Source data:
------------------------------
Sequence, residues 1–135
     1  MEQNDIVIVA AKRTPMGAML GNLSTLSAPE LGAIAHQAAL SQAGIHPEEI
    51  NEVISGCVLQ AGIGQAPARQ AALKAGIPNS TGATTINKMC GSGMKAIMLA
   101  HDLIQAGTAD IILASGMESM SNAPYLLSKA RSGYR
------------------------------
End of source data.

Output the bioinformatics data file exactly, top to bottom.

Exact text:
Sequence, residues 1–135
     1  MEQNDIVIVA AKRTPMGAML GNLSTLSAPE LGAIAHQAAL SQAGIHPEEI
    51  NEVISGCVLQ AGIGQAPARQ AALKAGIPNS TGATTINKMC GSGMKAIMLA
   101  HDLIQAGTAD IILASGMESM SNAPYLLSKA RSGYR